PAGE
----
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Straight As An Arrow MAG
It seemed to me as though I shot arrow after arrow after arrow, year after year after year. I shot because I enjoyed the thrill of success. I shot because, for many years, it slowed the hectic pace of life. Everyone searches for inner peace, a perfect balance of the heart, mind, body and soul. Of the few who find it, fewer still have the strength to keep it.
One day I realized that archery had become just another item on my list of things to do. It no longer gave me that sense of balance and peace. As I stood 40 yards from the target, I found focusing long enough to shoot a full round of arrows almost impossible. When the first arrow hit off-center, I buckled down to shoot the second, but then didn’t focus on the third. The troubles of the day intruded and not even a small measure of peace resided anywhere within me. It was as if the arrows sensed my distraction at my attempts to set life in order, and in response threw themselves as far from the target as possible. I had the distinct feeling that if I could just get one in order, the others would fall neatly in line behind it.
Perhaps other parts of life induced my poor shooting. That summer, my closest cousin had died in a car crash, and then I moved across the country, leaving me with no friends to confide in. The move involved a larger paycheck and a chance to widen my horizons, but accepting the offer quickly revealed itself to be pure stupidity. My boss turned out to be a short-tempered jerk who reveled in making me feel incompetent. Whenever I spoke at meetings, he shot down my ideas. Halfway through each day I wanted to run home and hide from the evils of the adult world. Most days left me bone-weary, physically and emotionally. I had nearly given up on myself and my abilities.
Some people look for inner peace through meditation, some through nature, others through sports. Peacefulness comes from being the only person around for miles, or watching from a mountaintop as the sunrise bleeds across the sky, or the feeling of whirling, dancing and twirling a ball around obstacles. The tranquility lies in the moment, but moments fade faster than rainbows. Occasionally, Lady Luck’s favorites receive more than one moment of inner balance and serenity.
I was convinced that Lady Luck hated me.
After the move, it was by chance that I found another suitable archery range. Although it accommodated 20 archers, there were only two of us shooting that day. A man, a stranger, shot two lanes down. His long, sandy hair brought out the blue of his eyes. Unfortunately, the thought of a complete stranger witnessing my blunders proved both unnerving and disturbing, making it even harder to concentrate. The man was tall, but not intimidating. In contrast, he radiated an unnameable force - could it be life? Hope? Faith? My nerves were so shot that I might as well have been speaking in front of a crowd of a thousand booing people. Instead of holding the string back with good form, I released it prematurely. When I remembered to hold my stance, my arms shook from the effort and my sight blurred, making it impossible to aim.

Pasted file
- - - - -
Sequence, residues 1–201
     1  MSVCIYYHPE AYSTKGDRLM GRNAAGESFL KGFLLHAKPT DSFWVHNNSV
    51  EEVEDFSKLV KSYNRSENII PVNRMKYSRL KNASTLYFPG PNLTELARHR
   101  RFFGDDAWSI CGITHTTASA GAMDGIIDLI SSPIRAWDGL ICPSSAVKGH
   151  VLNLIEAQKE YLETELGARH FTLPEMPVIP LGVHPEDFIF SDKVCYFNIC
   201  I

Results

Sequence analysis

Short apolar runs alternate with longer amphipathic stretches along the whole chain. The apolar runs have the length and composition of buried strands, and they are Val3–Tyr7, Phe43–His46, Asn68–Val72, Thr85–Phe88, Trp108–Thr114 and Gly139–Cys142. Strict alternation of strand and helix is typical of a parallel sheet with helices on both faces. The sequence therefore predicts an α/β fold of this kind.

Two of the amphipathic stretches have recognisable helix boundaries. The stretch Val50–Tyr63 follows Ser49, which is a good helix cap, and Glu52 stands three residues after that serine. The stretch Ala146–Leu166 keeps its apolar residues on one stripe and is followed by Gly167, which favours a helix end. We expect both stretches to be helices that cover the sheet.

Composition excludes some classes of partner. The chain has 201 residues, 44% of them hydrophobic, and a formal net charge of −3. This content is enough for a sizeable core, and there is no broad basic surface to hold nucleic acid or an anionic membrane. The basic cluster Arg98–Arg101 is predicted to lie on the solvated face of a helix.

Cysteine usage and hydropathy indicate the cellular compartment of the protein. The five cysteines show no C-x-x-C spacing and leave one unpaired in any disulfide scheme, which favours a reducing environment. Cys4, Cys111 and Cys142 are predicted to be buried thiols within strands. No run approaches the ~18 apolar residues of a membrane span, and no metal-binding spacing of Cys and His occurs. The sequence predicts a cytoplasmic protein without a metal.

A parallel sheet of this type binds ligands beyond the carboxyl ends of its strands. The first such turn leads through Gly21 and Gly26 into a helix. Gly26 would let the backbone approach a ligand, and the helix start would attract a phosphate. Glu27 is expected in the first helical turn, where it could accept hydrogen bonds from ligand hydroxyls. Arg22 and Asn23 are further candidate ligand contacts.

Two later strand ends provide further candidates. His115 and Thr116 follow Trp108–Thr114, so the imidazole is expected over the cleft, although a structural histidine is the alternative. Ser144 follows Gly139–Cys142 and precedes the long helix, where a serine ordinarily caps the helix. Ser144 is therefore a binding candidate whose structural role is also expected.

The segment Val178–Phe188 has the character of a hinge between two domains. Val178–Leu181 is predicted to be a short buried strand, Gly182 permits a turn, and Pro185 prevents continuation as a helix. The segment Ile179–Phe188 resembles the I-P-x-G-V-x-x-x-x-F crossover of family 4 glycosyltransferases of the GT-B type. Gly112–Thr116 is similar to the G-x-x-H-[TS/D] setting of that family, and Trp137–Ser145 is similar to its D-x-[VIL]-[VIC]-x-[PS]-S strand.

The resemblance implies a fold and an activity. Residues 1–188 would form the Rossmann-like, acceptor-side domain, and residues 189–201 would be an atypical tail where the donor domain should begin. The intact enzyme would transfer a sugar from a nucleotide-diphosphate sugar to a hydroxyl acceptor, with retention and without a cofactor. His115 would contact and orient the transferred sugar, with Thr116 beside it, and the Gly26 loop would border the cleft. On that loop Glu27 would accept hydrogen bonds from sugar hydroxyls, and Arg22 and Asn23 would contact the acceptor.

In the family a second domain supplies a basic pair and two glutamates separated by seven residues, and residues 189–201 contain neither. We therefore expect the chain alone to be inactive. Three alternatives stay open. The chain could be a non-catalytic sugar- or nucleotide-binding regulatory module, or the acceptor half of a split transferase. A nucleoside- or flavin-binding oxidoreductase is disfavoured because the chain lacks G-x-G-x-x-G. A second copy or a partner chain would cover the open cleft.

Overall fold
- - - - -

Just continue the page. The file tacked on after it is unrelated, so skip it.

After half an hour, I sat on a bench and sighed, exhaling despair like a poisonous fog. I cradled my head in my hands. The hard wood welcomed me in a way I hadn’t thought possible, though it did nothing to calm me. I can’t do this anymore, I thought miserably. What happened? Why can’t I shoot straight?
“Hey,” a soft voice interrupted my pity party. “Are you all right?”
I looked up, trying to smile, but my brow furrowed and my eyes watered. I refused to open my mouth, knowing that the tears always came when I felt like this.
Great, I thought. Now he’s going to think I’m a basket case, crying and smiling at the same time. Wonderful job, darling girl. Simply marvelous.
He didn’t give any clear sign that he noticed my distress, but how could he not have? “I’ve seen you shoot before,” he said. “You’re usually really good.” He hesitated. “And confident.”
My pathetic smile dropped like an anvil on Wiley E. Coyote, and my expression crumpled. I leaned over to hide my face and the tears that threatened to fall. A few escaped. “Life sucks,” I told him in a muffled voice. “That’s all.”
There came a rustling of clothing, and the bench creaked as he sat beside me. He exhaled slowly, and for a long, impenetrable moment we sat in silence.
He sighed, but I noticed his sigh was different from mine. His drew in breath like dawn on the first day of spring. When his lungs refused to take in any more, he let it out in a whoosh.
“Do you want to talk?” he asked.
I looked up, startled. His eyes shone through my despair like the beacon of a lighthouse, calling me to safety. The fog that had been hovering dissipated. It felt as though the sun were coming out after months of rain. The corners of my mouth curved up and this time I smiled all the way to my eyes.